Mike the trail pup

Tip 2: Once comfortable off leash try playing hide and seek. This may seem silly, but there may be occasions when you outride your dog and you’re separated. Instead of panicking that you’ve lost each other, a quick game of hide and seek will have you reunited in no time! Go back to the familiar paths where your dog first learned to walk off leash. Have the dog sit and stay while you go hide behind a tree, out of sight. Once hidden, whistle, or yell, “OK!” When the dog finds you, reward him again so he knows he’s always supposed to find you.

Roscoe the trail dog Photo by Ian Coble

 Lacy Kemp (front) and Roscoe the trial dog (back)  Photo credit: Ian Coble

Tip 3: Teaching your dog how to drink out of a hydration pack is a great way to ensure he stays hydrated on warmer days. There’s not much magic to this, but ensure you can keep a consistent stream of water coming from the hose so Fido gets adequately hydrated. Practice at home before you hit the trails on hot days.

Tip 4: Speaking of hot days don’t run your dog long distances on days that are too hot. There’s no magic number, but use your common sense. If there aren’t constant streams for your dog to rest in and recharge, don’t take him if it’s too hot.

Tip 5: When ready to move to the bike, start by taking your dog on short rides on your bike while leashed. This can be dangerous, so make sure you’re confident on holding a leash while your dog runs alongside. Make sure the leash is long enough so your dog won’t get too close to your wheel. One thing I do is attach the loop of the handle to my chest strap on my hydration pack. That way if he pulls, he’s pulling from my center of mass and not likely to pull me off of my bike. Go slow at first until you’re able to have your dog trot alongside you without having him pull.

Tip 6: When your dog is comfortable running alongside you on a leash, take him back to the trails you first learned to walk in the woods off leash. While on your bike, have the dog sit. Unleash him and keep him seated. When you’re ready to go, start slow and call for him. If he gets in front of you, immediately give the command, “follow,” and stop and place him behind you. Reward him for getting behind you, so he understands he needs to stay out of the way. Most dogs understand this quite easily, but repeating the behavior until he grasps it will ensure better behavior when on a longer ride or with a group.

Kona Senior Engineer James Westerfield and Shadow

Tip 7: Once you’ve mastered your local stomping grounds, take him on a longer ride. The same rules apply. Leash him until you’re ready to go, then ensure he’s following alongside. As he gets more comfortable on more rides he will learn to explore and come back to you. Practice the “hide and seek” rule on rides, too, to reinforce that behavior.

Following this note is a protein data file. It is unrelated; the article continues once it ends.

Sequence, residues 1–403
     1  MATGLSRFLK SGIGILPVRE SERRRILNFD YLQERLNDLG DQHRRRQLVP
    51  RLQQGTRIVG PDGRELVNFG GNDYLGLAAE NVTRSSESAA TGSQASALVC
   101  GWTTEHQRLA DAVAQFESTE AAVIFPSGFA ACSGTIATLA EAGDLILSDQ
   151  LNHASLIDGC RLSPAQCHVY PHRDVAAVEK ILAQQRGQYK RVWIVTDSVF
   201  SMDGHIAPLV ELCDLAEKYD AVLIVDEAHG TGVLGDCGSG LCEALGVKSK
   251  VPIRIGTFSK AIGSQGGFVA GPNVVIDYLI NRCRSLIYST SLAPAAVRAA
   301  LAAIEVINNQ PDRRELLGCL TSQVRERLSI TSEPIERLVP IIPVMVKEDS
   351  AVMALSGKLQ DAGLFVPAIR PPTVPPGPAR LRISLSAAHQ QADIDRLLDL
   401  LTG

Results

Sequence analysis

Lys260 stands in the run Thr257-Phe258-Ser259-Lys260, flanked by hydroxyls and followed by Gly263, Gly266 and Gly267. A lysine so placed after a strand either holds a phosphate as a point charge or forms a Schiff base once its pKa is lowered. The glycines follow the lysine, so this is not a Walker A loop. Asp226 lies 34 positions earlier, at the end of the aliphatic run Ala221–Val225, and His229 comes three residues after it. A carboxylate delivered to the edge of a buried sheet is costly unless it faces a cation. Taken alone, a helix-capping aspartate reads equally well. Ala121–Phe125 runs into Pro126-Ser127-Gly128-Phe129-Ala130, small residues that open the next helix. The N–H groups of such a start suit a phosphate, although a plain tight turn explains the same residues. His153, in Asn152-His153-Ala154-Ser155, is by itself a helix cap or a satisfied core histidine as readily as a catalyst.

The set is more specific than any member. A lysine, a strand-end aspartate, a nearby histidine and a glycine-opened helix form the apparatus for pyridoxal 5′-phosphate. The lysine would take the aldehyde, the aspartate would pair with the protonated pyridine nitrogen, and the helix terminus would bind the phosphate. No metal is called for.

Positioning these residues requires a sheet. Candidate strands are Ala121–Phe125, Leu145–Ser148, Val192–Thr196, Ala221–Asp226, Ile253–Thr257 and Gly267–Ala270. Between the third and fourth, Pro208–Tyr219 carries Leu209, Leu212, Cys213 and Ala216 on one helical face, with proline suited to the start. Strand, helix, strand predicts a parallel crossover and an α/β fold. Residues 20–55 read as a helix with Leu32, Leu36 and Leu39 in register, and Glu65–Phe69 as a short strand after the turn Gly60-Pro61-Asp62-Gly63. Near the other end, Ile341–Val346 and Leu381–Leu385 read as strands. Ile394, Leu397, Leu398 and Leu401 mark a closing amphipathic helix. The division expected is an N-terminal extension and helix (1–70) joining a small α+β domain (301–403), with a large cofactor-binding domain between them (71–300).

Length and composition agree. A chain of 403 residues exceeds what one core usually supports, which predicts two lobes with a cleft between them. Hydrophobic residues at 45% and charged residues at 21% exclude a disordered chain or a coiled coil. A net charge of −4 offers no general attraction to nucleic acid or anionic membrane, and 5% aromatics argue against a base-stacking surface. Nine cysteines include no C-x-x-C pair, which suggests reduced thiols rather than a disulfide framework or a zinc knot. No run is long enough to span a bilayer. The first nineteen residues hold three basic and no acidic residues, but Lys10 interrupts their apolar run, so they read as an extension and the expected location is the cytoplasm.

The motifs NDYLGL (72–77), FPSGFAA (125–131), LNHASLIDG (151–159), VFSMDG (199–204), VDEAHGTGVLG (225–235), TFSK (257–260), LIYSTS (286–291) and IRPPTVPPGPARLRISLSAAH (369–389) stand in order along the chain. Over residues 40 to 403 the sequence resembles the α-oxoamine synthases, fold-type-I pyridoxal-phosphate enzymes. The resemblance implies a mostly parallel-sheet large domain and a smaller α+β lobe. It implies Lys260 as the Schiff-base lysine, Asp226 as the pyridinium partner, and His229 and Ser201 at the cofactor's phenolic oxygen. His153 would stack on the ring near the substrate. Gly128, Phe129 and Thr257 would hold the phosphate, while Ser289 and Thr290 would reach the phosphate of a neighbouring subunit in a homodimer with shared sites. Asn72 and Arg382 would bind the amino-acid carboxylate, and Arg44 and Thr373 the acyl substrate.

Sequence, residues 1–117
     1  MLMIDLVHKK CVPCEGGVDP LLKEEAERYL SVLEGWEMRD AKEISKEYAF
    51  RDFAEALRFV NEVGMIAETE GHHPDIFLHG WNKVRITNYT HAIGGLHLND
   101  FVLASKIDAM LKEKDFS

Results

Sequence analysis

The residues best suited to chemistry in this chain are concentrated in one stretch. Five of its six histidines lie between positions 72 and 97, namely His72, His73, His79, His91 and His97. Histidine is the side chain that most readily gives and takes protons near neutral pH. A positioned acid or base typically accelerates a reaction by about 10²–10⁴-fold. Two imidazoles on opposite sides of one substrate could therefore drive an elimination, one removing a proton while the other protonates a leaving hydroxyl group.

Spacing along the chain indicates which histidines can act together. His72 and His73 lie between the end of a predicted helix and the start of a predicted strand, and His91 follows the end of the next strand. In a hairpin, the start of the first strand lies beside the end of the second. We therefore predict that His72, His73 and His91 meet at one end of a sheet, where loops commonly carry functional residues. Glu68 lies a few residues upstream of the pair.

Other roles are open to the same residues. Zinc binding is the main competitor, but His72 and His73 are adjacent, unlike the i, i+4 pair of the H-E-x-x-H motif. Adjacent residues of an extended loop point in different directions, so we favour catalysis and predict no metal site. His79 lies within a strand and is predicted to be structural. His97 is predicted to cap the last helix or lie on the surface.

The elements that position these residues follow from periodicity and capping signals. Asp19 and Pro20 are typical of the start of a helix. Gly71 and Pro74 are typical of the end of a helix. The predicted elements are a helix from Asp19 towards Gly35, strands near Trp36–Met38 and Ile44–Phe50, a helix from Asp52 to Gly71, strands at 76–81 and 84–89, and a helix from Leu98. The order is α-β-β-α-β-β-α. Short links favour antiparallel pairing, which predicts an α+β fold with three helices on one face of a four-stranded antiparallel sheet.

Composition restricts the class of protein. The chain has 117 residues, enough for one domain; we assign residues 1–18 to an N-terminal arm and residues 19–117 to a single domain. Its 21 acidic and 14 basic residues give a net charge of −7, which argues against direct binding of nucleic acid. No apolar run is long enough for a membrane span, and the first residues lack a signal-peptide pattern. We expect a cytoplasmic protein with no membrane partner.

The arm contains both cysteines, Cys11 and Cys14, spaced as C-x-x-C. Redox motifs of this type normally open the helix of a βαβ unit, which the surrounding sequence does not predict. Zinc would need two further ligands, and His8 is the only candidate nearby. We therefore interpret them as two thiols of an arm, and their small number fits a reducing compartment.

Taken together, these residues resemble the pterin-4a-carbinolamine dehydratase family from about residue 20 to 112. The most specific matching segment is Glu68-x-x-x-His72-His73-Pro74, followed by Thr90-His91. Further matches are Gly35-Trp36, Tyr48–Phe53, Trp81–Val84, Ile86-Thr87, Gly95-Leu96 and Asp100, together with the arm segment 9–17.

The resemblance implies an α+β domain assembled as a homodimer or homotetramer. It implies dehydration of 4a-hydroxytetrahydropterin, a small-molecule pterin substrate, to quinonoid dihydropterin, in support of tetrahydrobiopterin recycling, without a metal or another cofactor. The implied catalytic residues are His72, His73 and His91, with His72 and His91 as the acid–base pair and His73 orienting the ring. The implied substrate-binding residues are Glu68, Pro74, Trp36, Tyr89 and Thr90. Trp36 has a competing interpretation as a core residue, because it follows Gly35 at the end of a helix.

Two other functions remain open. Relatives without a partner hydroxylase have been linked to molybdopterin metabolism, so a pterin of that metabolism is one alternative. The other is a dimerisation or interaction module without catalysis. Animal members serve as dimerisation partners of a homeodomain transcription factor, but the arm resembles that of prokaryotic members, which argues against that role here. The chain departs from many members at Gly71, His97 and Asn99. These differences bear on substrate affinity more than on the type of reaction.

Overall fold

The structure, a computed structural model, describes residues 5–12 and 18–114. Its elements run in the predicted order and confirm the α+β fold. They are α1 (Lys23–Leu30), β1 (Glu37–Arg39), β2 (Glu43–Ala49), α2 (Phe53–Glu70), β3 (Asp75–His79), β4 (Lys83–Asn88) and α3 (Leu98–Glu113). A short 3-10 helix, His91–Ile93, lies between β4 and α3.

Tip 8: The best rides for your dogs are rides that aren’t incredibly fast. Remember, they’re running the entire thing. A 20-mile ride for you is a massive day for your dog. Try to take him on rides with multiple water sources. Try to stay away from super hard packed, steep descents. This type of terrain is bad on the hips and joints for your dog. Just like us, dogs love the loam!

Roxy the trail dog doing some product testing w/ Kona product managers

Tip 9: After a long day of riding, give your dog a massage. Have him lie on one side and massage his hips and shoulders. Stretch his legs. Make sure to do both sides. Just like people, dogs need to recover from a big day on the bike. Choose your dogs rides wisely. Don’t run him every day, and give ample resting time between big runs.

Tip 10: Make sure he knows how great of a job he’s doing. In between segments, stop and tell him he’s a good boy! Dogs love to be rewarded verbally and will always appreciate the positive reinforcement. But the most important thing of all, have fun!

 

Bruce Wayne guarding his owner’s Hei Hei.

Title image by @andyvathis

Kona Rove ST… Now with Thru-Axles and More Tire Clearance

With new Kona models arriving in your local bike shop over the next couple of weeks, we’re doing a series of posts here on the Cog to introduce the new bikes. Keep an eye here all week for rad new bikes and updates to current models. Next up: the venerable steel Rove, further modernized…

Rove ST

Our venerable steel adventurer is back, offering that smooth steel ride and a great parts spec in a package with a whole lot of potential. This year the Rove ST gets flat mount disc brakes and thru-axles on its cromoly frame and fork, as well as more tire clearance at the chainstays to let you squeeze even more tire into it. Big ol’ gravel tires? Yep. High volume 650b conversion? Sure. The Rove ST keeps its wide-range SRAM Rival 1×11 drivetrain, and tubeless-ready wheels and tires. Where will the Rove ST take you? That’s up to your imagination.








Keep an eye here on the Cog and on Konaworld.com for new models arriving at Kona dealers every day!